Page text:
Of the many different strands of intelligence reporting provided in the annex of Douglas Feith's letter to the Senate Select Committee on Intelligence, the one that is perhaps the most interesting has received the least attention. Several reports deal with early contacts between Iraq and al-Qaida in the early 1990s that were brokered by Hassan al-Turabi, then the Islamist leader of Sudan. Al-Turabi, who engineered the creation of the National Islamic Front government with strongman Omar Bashir, helped turn his country into a magnet for jihadist terrorists and invited Osama Bin Laden and his organization to settle there. The Iraq-Sudan-al-Qaida triangle in this period is interesting because this was, in my opinion, the moment when cooperation between Saddam and Bin Laden came closest to being a reality.
The best evidence of that was provided in the aftermath of the U.S. bombing of the al Shifa chemical plant in Khartoum in 1998. Those with long memories will recall that a chemical precursor to the nerve agent VX—a substance known by the acronym EMPTA—was found in the famous soil sample some time before the attack. Although there were claims that the chemical could have been a derivative of a pesticide, a never-refuted CIA analysis showed that EMPTA had no commercial use anywhere in the world. There are several different ways of producing VX, but what made the presence of EMPTA so interesting was, as a government briefing following the attack disclosed, EMPTA appeared only in the Iraqi production method. In addition, officials told reporters that Iraqi weapons scientists had been linked to al Shifa, and this connection was independently verified by U.N. weapons inspectors.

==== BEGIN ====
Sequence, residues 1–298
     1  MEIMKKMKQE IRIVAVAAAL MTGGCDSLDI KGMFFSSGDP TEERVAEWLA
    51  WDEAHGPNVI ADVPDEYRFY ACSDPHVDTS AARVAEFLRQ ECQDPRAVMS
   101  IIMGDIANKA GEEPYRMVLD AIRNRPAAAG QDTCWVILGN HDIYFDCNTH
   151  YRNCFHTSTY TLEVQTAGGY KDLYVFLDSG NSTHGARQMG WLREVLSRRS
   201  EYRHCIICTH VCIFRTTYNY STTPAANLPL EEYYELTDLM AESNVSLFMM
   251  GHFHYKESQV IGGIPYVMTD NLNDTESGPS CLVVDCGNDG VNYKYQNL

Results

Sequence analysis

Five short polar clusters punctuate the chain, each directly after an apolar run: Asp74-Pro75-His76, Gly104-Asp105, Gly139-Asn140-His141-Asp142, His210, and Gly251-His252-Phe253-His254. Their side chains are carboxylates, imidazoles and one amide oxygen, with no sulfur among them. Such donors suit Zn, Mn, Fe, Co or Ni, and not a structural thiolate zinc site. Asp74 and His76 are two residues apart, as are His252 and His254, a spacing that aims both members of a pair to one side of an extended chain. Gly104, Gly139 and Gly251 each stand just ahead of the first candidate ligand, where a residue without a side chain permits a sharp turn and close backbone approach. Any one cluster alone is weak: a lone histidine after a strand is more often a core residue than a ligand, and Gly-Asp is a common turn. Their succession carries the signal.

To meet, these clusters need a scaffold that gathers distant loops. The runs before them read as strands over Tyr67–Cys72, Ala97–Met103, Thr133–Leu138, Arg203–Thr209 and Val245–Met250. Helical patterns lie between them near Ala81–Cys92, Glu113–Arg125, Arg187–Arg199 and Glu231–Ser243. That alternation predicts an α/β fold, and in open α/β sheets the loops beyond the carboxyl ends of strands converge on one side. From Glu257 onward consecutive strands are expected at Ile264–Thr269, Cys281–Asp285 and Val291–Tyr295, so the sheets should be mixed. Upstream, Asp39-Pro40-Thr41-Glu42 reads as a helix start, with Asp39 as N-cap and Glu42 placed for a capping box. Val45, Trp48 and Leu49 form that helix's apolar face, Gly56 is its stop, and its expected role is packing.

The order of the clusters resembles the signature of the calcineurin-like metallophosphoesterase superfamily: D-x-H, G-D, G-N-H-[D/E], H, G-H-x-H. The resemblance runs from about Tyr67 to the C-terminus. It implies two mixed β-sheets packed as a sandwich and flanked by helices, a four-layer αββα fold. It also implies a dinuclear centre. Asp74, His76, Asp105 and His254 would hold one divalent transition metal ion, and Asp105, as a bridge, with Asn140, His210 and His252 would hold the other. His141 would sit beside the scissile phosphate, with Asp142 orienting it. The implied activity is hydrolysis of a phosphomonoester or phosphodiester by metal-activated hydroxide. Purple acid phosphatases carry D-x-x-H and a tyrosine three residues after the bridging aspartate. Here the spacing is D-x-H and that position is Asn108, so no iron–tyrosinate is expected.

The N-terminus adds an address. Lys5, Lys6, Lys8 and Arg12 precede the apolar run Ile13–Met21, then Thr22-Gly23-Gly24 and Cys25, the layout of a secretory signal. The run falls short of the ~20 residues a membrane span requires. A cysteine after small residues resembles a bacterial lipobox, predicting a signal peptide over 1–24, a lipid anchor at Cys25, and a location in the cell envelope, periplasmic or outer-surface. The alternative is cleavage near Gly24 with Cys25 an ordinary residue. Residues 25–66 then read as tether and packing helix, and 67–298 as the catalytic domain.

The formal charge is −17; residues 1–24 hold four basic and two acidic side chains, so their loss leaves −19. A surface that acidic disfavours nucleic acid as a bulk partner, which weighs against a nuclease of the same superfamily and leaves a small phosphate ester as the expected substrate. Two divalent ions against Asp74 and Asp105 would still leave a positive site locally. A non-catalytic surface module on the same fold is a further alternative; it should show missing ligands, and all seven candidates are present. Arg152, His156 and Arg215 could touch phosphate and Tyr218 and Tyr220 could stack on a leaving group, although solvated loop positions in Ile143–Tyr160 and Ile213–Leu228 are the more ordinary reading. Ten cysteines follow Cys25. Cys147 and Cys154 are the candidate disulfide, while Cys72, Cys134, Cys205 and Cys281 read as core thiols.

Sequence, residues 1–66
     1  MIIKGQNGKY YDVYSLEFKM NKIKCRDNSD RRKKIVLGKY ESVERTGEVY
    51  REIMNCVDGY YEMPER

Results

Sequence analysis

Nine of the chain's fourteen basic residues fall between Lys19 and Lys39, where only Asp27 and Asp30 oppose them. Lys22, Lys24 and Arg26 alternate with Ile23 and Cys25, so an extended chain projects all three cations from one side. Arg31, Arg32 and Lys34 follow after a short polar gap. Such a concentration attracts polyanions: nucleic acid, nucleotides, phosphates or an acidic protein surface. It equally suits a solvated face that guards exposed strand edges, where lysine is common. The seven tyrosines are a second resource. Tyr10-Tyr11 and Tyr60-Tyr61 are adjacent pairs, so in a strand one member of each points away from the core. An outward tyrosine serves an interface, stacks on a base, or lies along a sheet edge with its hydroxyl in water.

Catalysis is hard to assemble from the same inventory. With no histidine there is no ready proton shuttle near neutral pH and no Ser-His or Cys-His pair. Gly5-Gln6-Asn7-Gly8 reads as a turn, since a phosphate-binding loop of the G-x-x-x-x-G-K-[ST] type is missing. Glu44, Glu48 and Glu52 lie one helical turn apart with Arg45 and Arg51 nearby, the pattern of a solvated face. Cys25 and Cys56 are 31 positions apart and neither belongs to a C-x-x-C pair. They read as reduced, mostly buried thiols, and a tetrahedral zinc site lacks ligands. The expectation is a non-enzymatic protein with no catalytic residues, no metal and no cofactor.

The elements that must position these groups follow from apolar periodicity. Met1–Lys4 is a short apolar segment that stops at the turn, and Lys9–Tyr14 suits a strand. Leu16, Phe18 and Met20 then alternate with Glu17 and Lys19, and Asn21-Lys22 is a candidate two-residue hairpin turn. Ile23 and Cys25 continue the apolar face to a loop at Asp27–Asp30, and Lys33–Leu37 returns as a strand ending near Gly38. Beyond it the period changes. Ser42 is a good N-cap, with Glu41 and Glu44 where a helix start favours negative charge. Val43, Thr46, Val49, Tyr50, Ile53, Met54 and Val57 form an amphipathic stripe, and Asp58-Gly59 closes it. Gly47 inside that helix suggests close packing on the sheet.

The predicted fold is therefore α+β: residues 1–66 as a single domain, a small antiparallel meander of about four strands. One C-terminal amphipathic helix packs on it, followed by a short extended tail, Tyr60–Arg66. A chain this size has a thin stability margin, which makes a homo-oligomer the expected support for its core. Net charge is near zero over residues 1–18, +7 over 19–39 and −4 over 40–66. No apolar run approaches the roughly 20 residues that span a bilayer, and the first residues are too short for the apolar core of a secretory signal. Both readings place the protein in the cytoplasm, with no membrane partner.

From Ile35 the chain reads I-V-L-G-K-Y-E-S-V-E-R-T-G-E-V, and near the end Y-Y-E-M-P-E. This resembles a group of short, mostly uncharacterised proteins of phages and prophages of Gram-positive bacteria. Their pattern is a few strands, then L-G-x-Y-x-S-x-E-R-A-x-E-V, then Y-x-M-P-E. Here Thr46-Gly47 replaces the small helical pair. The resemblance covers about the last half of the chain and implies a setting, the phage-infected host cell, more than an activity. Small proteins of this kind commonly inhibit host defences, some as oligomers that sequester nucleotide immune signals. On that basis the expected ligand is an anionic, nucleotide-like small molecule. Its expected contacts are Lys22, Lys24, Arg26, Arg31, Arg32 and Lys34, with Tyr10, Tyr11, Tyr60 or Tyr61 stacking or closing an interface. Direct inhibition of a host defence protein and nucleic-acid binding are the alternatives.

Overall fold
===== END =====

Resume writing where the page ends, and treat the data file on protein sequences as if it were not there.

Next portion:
While the press and many politicians dismissed the attack on al Shifa as a major blunder, no one was still paying close attention in early 2001 when Jamal Ahmad al-Fadl, a Sudanese defector from al-Qaida, took the witness stand in the East Africa embassy bombings trial in New York. Al-Fadl, the opening and star witness, testified that al-Qaida had indeed been working to produce chemical weapons in Khartoum.
I believe that the al-Qaida-Iraq connection probably remained indirect—that Baghdad had little knowledge of Bin Laden's investment in the Sudanese chemical weapons production. But it is strange that the Bush foreign policy team, for all its ardor to show a Bin Laden-Saddam connection, has never wanted to discuss this case at all. Perhaps the prospect of giving Bill Clinton credit for the first pre-emptive strike against terrorists who might be acquiring a weapon of mass destruction is simply too much for them.